Exploring the Tiny Planetary System of Kepler-90
We recently posted news of a Planet Hunters planet discovered as part of a seven-planet system. Dubbed Kepler-90 this system is a peculiar microcosm of our own Solar System, with small (probably rocky) worlds in the middle, and larger (probably gaseous) worlds on the outside. The major different being that the outermost planet in this system is as far from the star as Earth is from the Sun. The other six planets in this system were already known about, but thanks to volunteers on Planet Hunters (http://planethunters.org) we now think that there are seven worlds circling this stars, which is just a little brighter than our Sun.
To celebrate this fact I have created a model of the whole planetary system in Celestia, an awesome, cross-platform, open-source package that lets you explore space. You can download the Celestia files model directly here or watch the video below to be taken on a tour of Kepler-90 and it’s seven worlds.
In this video, I’ve given the newly discovered Planet Hunters candidate some fetching green rings – which we do not have any evidence for or against. Also keep in mind that we know very little about what most exoplanets look like, so we’ve used artistic license to give them all different appearances, often using the surface of what might be analogue worlds in our Solar System. Maybe you can spot some familiar surfaces amongst them!
This system has some great features that make it interesting. The outermost world is roughly the the size of Jupiter but orbits at almost exactly the Earth-Sun distance of 1AU. A Jupiter-like world in an Earth-like orbit has been seen before in Planet Hunters discoveries. The middle planet in this system is at the same distance from this star as Mercury is from our Sun, but is six times as large. The rest of the planets whizz around in even smaller orbits. This star is a little hotter than our Sun so they are pretty scorching places with surfaces temperatures in the hundreds of degrees – nearly a thousand for the innermost planets.
The two innermost planets are roughly Earth sized and are really cool. The innermost one is 1.02x the diameter of Earth and the next is 1.18x. We assume that they are both rocky since they are so small. They orbit the star in just 7 days and 9 days respectively and are very close together. So close in fact that if you’re living on the inner, smaller planet then every few weeks, for about a week, the second planet appears in the sky about half the size of our full Moon.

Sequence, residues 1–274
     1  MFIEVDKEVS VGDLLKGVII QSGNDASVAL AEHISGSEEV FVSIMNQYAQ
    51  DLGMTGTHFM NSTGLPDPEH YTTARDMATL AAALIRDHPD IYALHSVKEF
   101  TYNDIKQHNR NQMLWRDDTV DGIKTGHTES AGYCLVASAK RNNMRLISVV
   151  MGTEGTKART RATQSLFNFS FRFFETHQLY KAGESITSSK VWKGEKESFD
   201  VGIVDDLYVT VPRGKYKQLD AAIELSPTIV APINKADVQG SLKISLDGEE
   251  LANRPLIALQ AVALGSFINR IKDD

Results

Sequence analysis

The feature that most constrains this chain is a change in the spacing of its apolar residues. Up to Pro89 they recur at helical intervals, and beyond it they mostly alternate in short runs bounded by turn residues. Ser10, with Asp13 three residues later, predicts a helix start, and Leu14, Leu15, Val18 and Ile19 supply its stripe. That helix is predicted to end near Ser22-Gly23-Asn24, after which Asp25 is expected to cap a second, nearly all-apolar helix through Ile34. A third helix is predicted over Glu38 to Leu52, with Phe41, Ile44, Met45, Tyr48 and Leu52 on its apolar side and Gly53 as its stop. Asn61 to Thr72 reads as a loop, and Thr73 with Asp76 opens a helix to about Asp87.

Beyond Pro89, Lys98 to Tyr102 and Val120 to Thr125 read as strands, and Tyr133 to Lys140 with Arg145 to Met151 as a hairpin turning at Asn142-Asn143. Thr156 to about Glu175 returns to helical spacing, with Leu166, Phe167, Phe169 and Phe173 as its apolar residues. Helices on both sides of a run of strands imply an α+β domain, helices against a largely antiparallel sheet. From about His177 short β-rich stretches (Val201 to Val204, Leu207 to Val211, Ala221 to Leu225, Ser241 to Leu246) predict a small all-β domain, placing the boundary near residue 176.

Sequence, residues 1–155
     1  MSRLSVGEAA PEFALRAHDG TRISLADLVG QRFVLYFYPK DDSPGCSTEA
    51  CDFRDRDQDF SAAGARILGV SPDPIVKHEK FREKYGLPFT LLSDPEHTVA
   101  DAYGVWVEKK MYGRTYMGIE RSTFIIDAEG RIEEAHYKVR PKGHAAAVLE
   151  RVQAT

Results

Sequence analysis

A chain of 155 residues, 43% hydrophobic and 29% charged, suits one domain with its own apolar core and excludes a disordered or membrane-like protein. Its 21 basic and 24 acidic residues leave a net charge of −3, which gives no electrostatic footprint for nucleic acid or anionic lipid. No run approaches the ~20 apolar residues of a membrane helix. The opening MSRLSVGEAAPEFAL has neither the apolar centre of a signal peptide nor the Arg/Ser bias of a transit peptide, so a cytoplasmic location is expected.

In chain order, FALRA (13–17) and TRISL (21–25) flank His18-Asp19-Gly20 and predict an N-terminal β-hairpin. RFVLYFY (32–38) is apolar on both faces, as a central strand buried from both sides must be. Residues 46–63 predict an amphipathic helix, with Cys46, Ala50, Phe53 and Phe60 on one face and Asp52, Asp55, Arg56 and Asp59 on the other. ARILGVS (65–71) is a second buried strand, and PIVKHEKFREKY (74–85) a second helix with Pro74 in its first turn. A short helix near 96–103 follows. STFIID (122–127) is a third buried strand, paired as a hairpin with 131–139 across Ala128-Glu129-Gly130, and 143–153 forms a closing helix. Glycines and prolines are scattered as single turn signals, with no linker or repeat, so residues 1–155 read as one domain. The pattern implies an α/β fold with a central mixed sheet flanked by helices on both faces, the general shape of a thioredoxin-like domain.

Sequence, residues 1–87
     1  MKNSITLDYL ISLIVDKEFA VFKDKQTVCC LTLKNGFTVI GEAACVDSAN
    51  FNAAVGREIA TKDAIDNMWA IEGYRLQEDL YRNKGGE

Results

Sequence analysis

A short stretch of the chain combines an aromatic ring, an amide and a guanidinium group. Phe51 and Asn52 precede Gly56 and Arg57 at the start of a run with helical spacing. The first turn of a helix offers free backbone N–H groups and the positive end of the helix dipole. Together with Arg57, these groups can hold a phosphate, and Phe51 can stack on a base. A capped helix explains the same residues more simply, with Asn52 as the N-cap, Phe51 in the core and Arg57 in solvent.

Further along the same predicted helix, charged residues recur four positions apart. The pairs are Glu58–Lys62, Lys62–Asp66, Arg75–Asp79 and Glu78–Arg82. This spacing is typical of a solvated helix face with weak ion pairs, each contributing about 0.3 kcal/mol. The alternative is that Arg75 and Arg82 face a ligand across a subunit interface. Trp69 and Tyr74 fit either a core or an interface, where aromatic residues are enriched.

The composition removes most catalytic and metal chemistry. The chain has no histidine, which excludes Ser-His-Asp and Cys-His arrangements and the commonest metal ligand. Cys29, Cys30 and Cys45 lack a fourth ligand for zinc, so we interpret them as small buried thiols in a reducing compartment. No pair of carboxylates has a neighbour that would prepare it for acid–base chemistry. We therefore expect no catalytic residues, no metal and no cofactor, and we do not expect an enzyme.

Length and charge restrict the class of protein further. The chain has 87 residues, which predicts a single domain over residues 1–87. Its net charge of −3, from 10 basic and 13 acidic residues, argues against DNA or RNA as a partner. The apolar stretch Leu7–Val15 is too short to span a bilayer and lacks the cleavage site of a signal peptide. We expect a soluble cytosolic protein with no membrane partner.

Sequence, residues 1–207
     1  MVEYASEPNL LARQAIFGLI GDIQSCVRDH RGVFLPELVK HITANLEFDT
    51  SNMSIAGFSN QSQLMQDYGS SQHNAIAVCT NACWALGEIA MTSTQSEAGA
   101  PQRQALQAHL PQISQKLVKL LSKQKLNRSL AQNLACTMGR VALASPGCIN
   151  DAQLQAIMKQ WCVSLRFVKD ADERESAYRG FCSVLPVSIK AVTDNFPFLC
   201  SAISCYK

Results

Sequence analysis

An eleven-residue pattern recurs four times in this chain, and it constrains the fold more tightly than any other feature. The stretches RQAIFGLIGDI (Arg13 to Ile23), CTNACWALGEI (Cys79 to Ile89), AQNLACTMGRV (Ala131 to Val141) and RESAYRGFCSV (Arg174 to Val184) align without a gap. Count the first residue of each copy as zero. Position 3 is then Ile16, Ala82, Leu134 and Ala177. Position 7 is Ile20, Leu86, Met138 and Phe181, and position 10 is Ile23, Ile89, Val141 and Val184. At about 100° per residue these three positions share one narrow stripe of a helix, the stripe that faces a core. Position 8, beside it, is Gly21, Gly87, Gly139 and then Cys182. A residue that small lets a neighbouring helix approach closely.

Every year I see the rumour going round that Mars is going to be as big as the full moon. It will never happen for us – but on the tiny worlds circling Kepler-90, it happens all the time.
Update: The system used to be called KOI-351 but was given the name Kepler-90 just a day after this post went live. I have updated the name of the system in the text.
[Cross-posted on Orbiting Frog]
Thats very interesting but still there are so many worlds to explore.
What an awesome system!
Can you use Celestia to test the long-term stability of a system like this? I would naively guess that most of the planets would fairly quickly end up in resonance orbits – similar to those of the Galilean satellites/moons of Jupiter – but do they?
Also, from the transit data so far, is there any evidence of any planet having a moon as large/massive as (or bigger than) that of our own Moon?
Do we know how fast the homesun of this system rotates? With a Jupiter-mass planet at only ~1 au, how long would tidal drag take to slow the star’s rotation down appreciably (like the Earth’s rotation is being slowed by the tidal drag of the Moon)?
I recently attended talks on Exomoons (which is a fairly new field) and on tidal locked planets.
Didn’t get any responses here, so I copy/pasted my comment to the Science section of PH Talk. Lots of good responses, and a really good discussion is underway! Click the link:Is the Kepler-90 planetary system stable? Any giant exo-moon evidence?
How far is KOI 501 from earth, many AU’s I guess?
About 2500 light years – although the distances to most Kepler stars is pretty hard to know very precisely.